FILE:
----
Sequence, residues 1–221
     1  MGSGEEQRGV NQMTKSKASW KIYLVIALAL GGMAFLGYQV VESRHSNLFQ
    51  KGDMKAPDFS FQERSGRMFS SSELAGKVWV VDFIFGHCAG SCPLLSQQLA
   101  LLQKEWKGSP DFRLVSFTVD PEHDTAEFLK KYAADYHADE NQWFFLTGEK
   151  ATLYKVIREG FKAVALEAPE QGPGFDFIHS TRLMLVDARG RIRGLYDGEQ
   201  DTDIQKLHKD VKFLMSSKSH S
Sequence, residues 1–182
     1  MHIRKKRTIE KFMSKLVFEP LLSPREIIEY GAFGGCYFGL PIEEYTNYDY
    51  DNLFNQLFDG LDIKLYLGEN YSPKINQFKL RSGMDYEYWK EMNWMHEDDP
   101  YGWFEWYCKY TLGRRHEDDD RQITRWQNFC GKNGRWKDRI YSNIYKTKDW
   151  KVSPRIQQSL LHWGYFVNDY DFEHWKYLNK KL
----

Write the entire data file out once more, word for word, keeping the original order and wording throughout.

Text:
Sequence, residues 1–221
     1  MGSGEEQRGV NQMTKSKASW KIYLVIALAL GGMAFLGYQV VESRHSNLFQ
    51  KGDMKAPDFS FQERSGRMFS SSELAGKVWV VDFIFGHCAG SCPLLSQQLA
   101  LLQKEWKGSP DFRLVSFTVD PEHDTAEFLK KYAADYHADE NQWFFLTGEK
   151  ATLYKVIREG FKAVALEAPE QGPGFDFIHS TRLMLVDARG RIRGLYDGEQ
   201  DTDIQKLHKD VKFLMSSKSH S
Sequence, residues 1–182
     1  MHIRKKRTIE KFMSKLVFEP LLSPREIIEY GAFGGCYFGL PIEEYTNYDY
    51  DNLFNQLFDG LDIKLYLGEN YSPKINQFKL RSGMDYEYWK EMNWMHEDDP
   101  YGWFEWYCKY TLGRRHEDDD RQITRWQNFC GKNGRWKDRI YSNIYKTKDW
   151  KVSPRIQQSL LHWGYFVNDY DFEHWKYLNK KL